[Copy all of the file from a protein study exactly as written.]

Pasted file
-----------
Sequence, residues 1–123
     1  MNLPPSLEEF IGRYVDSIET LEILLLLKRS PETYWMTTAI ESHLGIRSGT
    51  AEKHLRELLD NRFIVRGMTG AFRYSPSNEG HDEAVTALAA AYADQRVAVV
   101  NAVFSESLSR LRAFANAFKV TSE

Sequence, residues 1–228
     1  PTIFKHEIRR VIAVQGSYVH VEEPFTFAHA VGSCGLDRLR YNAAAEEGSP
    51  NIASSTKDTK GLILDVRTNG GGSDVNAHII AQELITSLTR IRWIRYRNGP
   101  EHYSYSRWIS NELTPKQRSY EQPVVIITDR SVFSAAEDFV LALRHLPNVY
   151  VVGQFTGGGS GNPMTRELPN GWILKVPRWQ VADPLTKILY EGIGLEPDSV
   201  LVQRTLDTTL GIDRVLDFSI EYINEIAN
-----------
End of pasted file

Sequence, residues 1–123
     1  MNLPPSLEEF IGRYVDSIET LEILLLLKRS PETYWMTTAI ESHLGIRSGT
    51  AEKHLRELLD NRFIVRGMTG AFRYSPSNEG HDEAVTALAA AYADQRVAVV
   101  NAVFSESLSR LRAFANAFKV TSE

Sequence, residues 1–228
     1  PTIFKHEIRR VIAVQGSYVH VEEPFTFAHA VGSCGLDRLR YNAAAEEGSP
    51  NIASSTKDTK GLILDVRTNG GGSDVNAHII AQELITSLTR IRWIRYRNGP
   101  EHYSYSRWIS NELTPKQRSY EQPVVIITDR SVFSAAEDFV LALRHLPNVY
   151  VVGQFTGGGS GNPMTRELPN GWILKVPRWQ VADPLTKILY EGIGLEPDSV
   201  LVQRTLDTTL GIDRVLDFSI EYINEIAN